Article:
I’ve been intrigued for quite some time by this confection that originated in England at Eton College in the 1930s. Its name caught my attention when I stumbled upon it in a British cookbook, prompting me to peruse the recipe. Cream, fruit and meringue? Yes, please.

My idea of a dreamy dessert usually includes some form of summer fruit, cream and crust or biscuit (shortcake, cobbler, pavlova ...). In fact, the first recipe I created when I was little was Whipped Cream Pie which involved folding whipped cream and diced fruit together and then spooning it into a baked pie crust (my Mom still has the recipe card I carefully wrote!).

Since I’ve been having fun celebrating my birthday this week, it seemed an ideal time to assess my wish-list of treats to try. A little extra indulgence is an important part of birthdays, wouldn’t you agree? And Eton Mess provided just that.

Dollops of crisp meringue are crumbled and swirled with whipped cream and sweetened strawberries to make ... a mess! Just in time, we have fresh, beautiful strawberries emerging here - a sure sign of spring. What a gift it is to inhale their sweet scent!

Several variations of Eton Mess appear in British cookbooks, even one with chocolate and cherries, and I decided to include some fruity curd in my version. I had been saving a lovely jar of passion fruit curd we brought home from Australia and it was time to pop it open for a taste of Aussie sunshine.

Crispy, creamy, fruity and sweet – such a heavenly combination of texture, taste and color. Eton Mess was delightful and all I had dreamed it would be.

Eton Mess with Strawberries and Passion Fruit Curd
Serves 6

2 egg whites, room temperature
1/4 cup sugar plus 1 tablespoon
2 cups strawberries, stems removed and thickly sliced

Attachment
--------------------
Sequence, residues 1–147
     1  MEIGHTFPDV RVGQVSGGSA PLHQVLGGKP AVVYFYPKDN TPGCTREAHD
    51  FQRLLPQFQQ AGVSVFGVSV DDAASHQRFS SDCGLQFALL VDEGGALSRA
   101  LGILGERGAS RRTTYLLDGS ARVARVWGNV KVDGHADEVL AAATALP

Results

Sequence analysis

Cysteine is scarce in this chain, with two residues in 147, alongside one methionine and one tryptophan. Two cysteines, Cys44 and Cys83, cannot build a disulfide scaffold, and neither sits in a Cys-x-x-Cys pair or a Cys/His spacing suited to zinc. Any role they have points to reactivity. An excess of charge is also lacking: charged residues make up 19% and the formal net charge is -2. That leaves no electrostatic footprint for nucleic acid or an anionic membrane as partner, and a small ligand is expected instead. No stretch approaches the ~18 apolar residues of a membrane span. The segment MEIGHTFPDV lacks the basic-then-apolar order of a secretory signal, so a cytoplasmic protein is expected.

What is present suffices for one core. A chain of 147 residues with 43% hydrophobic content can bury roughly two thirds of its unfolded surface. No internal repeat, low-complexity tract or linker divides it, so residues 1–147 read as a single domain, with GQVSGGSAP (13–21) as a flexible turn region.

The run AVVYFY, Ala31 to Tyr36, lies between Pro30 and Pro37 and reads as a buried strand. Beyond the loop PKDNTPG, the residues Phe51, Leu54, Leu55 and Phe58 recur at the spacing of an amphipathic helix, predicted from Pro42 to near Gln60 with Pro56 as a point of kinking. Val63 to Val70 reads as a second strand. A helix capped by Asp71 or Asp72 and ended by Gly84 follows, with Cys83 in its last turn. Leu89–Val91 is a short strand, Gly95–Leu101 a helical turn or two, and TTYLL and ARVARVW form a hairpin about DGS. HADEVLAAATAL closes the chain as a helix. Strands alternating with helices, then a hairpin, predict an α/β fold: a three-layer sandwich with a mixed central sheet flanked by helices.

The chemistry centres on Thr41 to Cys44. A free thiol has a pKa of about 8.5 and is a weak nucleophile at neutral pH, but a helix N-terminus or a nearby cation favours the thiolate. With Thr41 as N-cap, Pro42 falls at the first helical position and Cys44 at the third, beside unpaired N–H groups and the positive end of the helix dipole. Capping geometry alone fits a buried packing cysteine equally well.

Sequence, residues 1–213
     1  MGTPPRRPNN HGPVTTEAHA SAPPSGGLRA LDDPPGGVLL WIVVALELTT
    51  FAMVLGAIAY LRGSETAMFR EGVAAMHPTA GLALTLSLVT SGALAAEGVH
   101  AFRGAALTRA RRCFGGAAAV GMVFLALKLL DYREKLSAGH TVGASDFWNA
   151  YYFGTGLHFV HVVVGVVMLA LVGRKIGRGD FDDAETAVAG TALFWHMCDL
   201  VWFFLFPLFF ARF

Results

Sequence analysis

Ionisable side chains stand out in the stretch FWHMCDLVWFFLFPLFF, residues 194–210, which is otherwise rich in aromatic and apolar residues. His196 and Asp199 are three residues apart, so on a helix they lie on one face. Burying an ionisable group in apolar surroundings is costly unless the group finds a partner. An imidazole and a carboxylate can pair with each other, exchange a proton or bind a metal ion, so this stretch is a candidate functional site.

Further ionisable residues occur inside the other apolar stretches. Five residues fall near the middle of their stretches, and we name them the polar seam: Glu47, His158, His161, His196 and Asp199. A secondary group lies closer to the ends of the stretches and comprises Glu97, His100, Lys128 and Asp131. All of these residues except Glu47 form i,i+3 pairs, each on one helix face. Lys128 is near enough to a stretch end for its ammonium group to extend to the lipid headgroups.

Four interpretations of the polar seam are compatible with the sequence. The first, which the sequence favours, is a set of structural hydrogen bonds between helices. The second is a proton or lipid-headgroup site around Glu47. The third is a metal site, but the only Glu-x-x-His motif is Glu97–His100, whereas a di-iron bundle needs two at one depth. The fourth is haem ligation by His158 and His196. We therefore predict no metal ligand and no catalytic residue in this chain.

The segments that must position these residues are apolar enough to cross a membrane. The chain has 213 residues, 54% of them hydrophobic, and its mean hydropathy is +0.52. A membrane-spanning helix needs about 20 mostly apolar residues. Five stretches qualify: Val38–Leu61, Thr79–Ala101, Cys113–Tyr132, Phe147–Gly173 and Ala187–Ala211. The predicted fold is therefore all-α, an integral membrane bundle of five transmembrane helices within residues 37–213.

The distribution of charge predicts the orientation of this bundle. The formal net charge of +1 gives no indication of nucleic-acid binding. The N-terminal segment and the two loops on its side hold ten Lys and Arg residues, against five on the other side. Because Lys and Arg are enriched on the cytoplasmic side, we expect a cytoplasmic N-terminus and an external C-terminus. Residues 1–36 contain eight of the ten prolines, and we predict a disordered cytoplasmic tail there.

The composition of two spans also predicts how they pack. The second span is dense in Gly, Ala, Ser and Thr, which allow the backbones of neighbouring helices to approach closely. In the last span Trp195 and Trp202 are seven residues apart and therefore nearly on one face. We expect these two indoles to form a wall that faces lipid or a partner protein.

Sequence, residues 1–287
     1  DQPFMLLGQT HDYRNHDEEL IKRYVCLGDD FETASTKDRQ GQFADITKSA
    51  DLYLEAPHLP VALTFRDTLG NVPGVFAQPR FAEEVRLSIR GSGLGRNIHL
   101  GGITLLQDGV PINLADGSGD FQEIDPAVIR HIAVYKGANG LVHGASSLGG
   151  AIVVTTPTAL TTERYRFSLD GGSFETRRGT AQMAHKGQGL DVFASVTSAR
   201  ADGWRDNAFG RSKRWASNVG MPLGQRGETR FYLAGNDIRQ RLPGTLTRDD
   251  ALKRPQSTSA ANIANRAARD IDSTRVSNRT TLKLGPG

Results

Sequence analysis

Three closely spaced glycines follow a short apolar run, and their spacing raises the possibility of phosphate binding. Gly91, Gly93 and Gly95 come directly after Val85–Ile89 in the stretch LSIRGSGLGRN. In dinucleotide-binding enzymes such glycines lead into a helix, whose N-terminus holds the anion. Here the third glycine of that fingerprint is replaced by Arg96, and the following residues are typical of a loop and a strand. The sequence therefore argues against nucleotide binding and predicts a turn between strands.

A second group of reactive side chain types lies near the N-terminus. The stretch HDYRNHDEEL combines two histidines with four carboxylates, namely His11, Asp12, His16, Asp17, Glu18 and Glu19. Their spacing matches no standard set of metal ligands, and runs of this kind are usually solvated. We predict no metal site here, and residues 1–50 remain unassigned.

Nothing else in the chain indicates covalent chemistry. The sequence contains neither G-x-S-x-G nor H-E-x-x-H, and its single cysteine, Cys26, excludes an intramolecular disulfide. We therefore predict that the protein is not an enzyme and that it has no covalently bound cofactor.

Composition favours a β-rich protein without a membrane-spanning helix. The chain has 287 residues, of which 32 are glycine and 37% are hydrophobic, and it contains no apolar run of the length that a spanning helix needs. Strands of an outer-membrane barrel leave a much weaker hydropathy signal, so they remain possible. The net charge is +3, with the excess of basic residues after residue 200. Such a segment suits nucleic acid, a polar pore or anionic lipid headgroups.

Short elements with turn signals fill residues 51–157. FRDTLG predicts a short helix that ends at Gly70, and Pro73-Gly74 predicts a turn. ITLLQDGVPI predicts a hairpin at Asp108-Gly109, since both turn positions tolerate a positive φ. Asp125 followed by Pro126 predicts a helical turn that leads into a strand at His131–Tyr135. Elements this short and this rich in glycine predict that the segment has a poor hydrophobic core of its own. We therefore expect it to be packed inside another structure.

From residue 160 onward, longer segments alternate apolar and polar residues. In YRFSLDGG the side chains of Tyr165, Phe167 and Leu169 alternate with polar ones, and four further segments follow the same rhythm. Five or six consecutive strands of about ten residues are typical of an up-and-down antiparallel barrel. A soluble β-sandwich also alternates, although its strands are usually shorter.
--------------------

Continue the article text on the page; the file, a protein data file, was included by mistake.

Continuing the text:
1 cup heavy whipping cream
3/4 cup passion fruit curd (you can substitute your favorite curd if passion fruit is not available)

Preheat the oven to 250 degrees. Line a baking sheet with parchment paper.

Place the egg whites in a medium sized mixing bowl and beat until soft peaks form. Gradually add 1/4 cup sugar and beat until the mixture is glossy and holds stiff peaks.

Drop dollops of the meringue onto the prepared baking sheet. I had about 14 meringue blobs. They don’t have to be pretty – you’ll be crumbling them. Bake for 1 1/4 to 1 1/2 hours, until the outsides are firm and crisp. Remove from the oven and let cool.

While the meringues are baking, combine the strawberries and remaining 1 tablespoon of sugar in a small bowl and stir gently. Leave sitting out to macerate and get juicy.

When ready to serve, whip the heavy cream until soft peaks form. Crumble the meringues into coarse pieces.

This dessert can be served in pretty glasses or in a marvelous heap on a platter for everyone to tuck in to – you decide. To assemble, scatter a layer of half the meringue pieces in glasses or on a platter. Spoon half the whipped cream over and drop spoonfuls of half the curd over it. Spoon half the strawberries and their juices over the top. Repeat layering with the second half of the ingredients. Stir a bit to make a mess and enjoy!

Monday, March 19, 2012

Pike Place Market Food Tour

After living in Seattle for nearly 20 years, it was time for me to get to know one of our most famous, well-loved spots – Pike Place Market. Sure, I’ve visited the Market innumerable times before for its beautiful bounty of fresh fish, local fruit and vegetables and specialty shops. But I have not spent time learning the rich history and tales dating back to 1907, when the high price of onions sparked an outrage and the Market was created to allow shoppers direct access to the farmers and their produce.

Knowing my love of the Market, my husband, Bob, thoughtfully booked us on a Food and Cultural Tour with Savor Seattle (an early birthday celebration for me – an amazing gift!). Bob and I met eight other food lovers and our marvelous, personable tour guide, Santino, at Starbucks to begin our Market adventure.

The day was grey and drizzly but Santino’s pink umbrella was a bright beacon to follow. The Market was alive with vibrant colors, scents and sounds. Cherry blossoms, pussy willows and tulips were visible everywhere. Flower boxes full of daffodils lined the rooftops of the Markets’ buildings. Spring is here, even if the weather doesn’t quite agree yet.

Our first stop was at the Daily Dozen, a doughnut shop. We shared bags of fresh, hot doughnuts liberally showered in sugar ... what a way to begin! From there we visited Market Spice and sipped their signature black tea flavored with cinnamon, orange and cloves. At Pike Place Fish we stopped to watch the flying fish and savor smoked salmon and salmon jerky.